The Security Council this afternoon extended the mandate of the United Nations Preventive Deployment Force in the former Yugoslav Republic of Macedonia (UNPREDEP) for six months until 30 November. It also decided on the start of a two-month phased reduction of the mission's military component by 300 all ranks beginning from 1 October.
By unanimously adopting resolution 1110 (1997), the Council welcomed the redeployment of UNPREDEP in the light of the situation in Albania and encouraged the Secretary-General to continue redeploying the Force. The Council also asked him to review UNPREDEP's composition, deployment, strength and mandate, taking account of the situation in the region, particularly in Albania, in the context of its elections. The Secretary-General was asked to report to the Council by 15 August.
The representative of the former Yugoslav Republic of Macedonia, Naste Calovski, said UNPREDEP's activities had helped prevent a spill over of the Balkan war towards the south and had also been an important factor in stabilizing the region. But negative developments in the region, particularly in Albania, made the extension of the mandate an obvious necessity. The mission's capacity and abilities should be utilized thoughtfully and effectively and it should continue to act as an important preventive deployment United Nations force in the region, he added. Also making statements were the representatives of the Russian Federation, United States and Japan.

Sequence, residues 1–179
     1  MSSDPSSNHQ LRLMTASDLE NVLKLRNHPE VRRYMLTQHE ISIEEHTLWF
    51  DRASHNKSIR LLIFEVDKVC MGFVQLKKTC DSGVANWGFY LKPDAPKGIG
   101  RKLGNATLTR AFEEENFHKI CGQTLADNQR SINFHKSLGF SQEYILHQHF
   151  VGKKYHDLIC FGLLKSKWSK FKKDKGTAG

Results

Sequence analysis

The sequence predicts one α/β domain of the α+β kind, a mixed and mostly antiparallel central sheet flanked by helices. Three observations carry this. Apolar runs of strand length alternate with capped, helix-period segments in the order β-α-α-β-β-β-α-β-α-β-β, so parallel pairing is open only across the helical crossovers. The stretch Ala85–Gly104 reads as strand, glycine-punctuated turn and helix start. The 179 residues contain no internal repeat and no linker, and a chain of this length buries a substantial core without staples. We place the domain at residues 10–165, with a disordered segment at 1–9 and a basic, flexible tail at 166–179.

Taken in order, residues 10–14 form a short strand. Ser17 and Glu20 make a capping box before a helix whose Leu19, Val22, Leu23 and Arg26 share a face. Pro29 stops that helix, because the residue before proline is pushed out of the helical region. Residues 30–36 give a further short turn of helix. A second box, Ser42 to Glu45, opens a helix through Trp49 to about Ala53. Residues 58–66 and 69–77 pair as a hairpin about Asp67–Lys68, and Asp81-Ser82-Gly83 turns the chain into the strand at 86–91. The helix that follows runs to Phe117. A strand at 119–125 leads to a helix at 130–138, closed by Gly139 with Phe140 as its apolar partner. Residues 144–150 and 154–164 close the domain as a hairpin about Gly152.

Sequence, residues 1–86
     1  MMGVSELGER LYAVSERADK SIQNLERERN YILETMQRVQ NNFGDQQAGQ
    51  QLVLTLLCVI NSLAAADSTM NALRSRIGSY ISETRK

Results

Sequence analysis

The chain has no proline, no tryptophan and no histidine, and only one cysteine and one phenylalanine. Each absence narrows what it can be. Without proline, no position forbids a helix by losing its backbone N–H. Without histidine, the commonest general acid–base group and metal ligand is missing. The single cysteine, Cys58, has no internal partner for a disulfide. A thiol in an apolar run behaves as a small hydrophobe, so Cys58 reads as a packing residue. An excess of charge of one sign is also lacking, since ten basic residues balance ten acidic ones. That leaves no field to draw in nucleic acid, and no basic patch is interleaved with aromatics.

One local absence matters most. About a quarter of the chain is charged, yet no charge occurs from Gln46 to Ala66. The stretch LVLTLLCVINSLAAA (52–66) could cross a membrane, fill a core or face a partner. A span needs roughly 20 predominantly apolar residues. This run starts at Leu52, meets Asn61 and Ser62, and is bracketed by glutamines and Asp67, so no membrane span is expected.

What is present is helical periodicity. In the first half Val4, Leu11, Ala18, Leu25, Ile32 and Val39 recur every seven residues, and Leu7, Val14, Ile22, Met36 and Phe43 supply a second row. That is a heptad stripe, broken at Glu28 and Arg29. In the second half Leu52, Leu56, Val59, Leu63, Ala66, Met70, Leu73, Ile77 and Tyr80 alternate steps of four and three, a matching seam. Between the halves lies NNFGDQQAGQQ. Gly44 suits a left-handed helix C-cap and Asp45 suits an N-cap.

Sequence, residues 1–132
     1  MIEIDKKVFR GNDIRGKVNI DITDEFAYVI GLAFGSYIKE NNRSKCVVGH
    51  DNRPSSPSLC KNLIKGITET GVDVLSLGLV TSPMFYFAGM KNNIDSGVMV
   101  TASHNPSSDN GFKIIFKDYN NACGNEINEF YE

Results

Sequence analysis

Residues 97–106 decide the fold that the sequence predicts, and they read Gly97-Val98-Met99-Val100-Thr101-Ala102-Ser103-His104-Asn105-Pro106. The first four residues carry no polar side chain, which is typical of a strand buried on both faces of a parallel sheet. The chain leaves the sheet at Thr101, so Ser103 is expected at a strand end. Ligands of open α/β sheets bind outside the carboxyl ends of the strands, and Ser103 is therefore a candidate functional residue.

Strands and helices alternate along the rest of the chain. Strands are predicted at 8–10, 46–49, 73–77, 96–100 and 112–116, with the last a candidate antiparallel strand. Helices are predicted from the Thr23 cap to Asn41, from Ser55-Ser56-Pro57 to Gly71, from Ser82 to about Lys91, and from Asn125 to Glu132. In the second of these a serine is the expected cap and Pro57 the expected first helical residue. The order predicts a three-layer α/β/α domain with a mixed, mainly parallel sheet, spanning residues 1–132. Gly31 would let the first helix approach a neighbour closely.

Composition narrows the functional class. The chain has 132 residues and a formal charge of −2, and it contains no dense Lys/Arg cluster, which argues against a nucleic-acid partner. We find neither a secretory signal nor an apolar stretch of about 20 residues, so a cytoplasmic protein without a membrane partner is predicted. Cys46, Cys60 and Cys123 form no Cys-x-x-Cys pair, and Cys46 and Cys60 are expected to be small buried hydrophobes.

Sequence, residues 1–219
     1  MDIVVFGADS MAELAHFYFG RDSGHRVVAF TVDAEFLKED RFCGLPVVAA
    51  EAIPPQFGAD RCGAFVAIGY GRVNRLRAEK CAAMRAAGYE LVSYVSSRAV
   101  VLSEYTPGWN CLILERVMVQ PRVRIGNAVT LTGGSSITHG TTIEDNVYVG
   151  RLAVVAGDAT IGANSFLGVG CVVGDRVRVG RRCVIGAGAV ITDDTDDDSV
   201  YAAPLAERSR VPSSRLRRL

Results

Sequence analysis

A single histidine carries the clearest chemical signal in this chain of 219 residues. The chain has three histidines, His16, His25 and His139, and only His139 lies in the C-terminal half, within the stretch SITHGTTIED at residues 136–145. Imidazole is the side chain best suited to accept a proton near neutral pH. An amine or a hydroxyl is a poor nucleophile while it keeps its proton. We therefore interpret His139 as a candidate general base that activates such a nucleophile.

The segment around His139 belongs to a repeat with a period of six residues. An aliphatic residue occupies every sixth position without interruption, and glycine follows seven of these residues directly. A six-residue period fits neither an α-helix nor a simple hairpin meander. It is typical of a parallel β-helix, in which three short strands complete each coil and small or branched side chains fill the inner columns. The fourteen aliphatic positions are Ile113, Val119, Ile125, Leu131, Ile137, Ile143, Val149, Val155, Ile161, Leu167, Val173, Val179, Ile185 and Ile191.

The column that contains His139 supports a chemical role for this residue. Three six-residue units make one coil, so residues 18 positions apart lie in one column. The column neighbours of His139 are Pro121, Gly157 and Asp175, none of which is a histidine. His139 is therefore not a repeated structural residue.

The meeting was called to order at 12:12 p.m. and adjourned at 12:31 p.m.
Council Work Programme
The Security Council met this afternoon to consider a report of the Secretary-General (documents S/1997/365 and Add.1), in which the Secretary- General recommends that the mandate of the United Nations Preventive Deployment Force in the former Yugoslav Republic of Macedonia (UNPREDEP) be renewed for an additional six months until 30 November 1997. He further recommends that the present strength of the Force be maintained for a period of four months, up to 30 September, with a view to starting as of 1 October, taking into account the conditions prevailing at that time, a two-month phased reduction of the military component to the 750 troop level foreseen by the Council in resolution 1082 (1996).